Gravity, or non-powered conveyor can be either wheel or roller conveyors, and can be utilized for many applications. Gravity conveyors can be used to convey items either on a level, manually assisted push line or on a pitched line.
A wheel conveyor is an assembly of wheels mounted on a common, round axle and supported by a frame.
A roller conveyor is an assembly of metal rollers on a round or hex axle and supported by a frame.
Most, FLAT, FIRM BOTTOM items can be handled on either wheel or roller conveyors. Wheel type is preferred because of its lighter weight, easier portability and greater liveliness. A wheel conveyor requires less pitch and is less expensive.
When conveyor weight is an important factor, consider aluminum conveyor sections. Roller conveyors must be used for recessed bottom containers and certain other items that will not roll on wheels. Roller conveyors will also handle bales under certain conditions and some objects with cleated bottoms. Most items with irregular shapes and surfaces should use a powered conveyor.
The maximum load which can be conveyed on any roller or wheel section is determined by the following factors:
– Capacity of individual wheels or rollers and axles.
-Capacity of the frame. It varies depending on how the frame is supported.
– Shock loading through operational use.
The maximum “live load” the conveyor will see or the load of the product that will be on the section at one time is a major factor in selecting the proper conveyor section. Conveyor loading can be determined by one of the following.
Note: For SHOCK loads, a higher capacity frame or supports on 5′-0″ centers should be considered. EXAMPLE: If a 2 1/2″ H side frame is normal then go up to a 3 1/2″ H x 10 gat. Frame Assembly.
The correct wheel pattern is determined by the smallest package conveyed. To provide proper stability there MUST be at least three axles under the length of the item, with a minimum of seven wheels supporting the object at all times. The load should have a smooth and firm conveyable surface.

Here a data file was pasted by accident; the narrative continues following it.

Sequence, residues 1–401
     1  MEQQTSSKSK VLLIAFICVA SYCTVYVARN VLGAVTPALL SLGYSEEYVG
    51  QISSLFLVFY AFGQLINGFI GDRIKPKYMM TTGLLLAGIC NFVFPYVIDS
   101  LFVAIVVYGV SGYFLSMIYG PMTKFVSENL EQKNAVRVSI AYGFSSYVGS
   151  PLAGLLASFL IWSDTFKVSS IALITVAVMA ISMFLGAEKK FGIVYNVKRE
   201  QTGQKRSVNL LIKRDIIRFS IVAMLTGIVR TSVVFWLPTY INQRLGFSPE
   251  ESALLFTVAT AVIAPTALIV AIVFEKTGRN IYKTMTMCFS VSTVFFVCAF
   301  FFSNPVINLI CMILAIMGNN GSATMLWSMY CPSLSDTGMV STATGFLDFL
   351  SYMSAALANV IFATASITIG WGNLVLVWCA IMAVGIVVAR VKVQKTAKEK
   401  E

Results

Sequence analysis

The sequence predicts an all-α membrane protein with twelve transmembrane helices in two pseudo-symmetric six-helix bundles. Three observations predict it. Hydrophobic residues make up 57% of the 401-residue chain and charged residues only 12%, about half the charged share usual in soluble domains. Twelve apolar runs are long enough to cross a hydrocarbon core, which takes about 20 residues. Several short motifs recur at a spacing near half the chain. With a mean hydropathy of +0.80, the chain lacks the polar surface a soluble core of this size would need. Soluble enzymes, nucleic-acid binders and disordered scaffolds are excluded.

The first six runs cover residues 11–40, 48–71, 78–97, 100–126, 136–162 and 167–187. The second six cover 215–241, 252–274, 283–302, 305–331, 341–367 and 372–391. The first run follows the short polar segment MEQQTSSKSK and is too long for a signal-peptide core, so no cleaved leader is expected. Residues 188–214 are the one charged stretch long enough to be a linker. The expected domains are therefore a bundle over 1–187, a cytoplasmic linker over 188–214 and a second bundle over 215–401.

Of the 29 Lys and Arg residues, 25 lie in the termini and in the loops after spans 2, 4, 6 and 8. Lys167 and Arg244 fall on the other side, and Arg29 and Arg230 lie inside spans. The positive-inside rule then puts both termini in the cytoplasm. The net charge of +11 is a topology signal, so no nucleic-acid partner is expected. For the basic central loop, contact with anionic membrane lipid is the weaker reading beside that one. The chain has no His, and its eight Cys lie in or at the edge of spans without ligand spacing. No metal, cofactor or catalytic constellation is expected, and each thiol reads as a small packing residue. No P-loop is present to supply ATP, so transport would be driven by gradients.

A properly selected roller conveyor MUST provide at least three rollers under the shortest load at all times. Thus, to determine the maximum center distance between rollers, divide the length of your shortest package by 3.
For example: Assume the conveying length of a package is 24 inches. This dimension divided by 3 is 8 inches. Eight inch is not a standard roller center. If we consider 6 or 9 inches would be standard. Since 9 inches would not provide 3 rollers under the package, 6 inch centers would be our choice.
Another consideration is load rating of the rollers. Many products have rigid conveying surfaces and are usually not exactly flat. In order to compensate for this, it is recommended to figure that 2/3 of the rollers will be supporting the full weight of the package. Therefore, it is necessary to take the weight of the product and divide by 2/3 of the rollers supporting the product to determine the capacity required of each roller.
– Will (3) rollers support the load in our example? Lets assume the package weighs 400 lbs. and is uniformly distributed. We would have 4 rollers under the load. Each roller would be supporting 100 lbs.
– If we consider the 2/3 rule we have (4) rollers under the box, but only (3) rollers supporting the load at one time, (2/3 x 4 = 2.666) or (3) rollers. Thus the roller capacity now needs to be 134 lbs. per roller.
For 6 inch roller centers to work in the example the following must be met: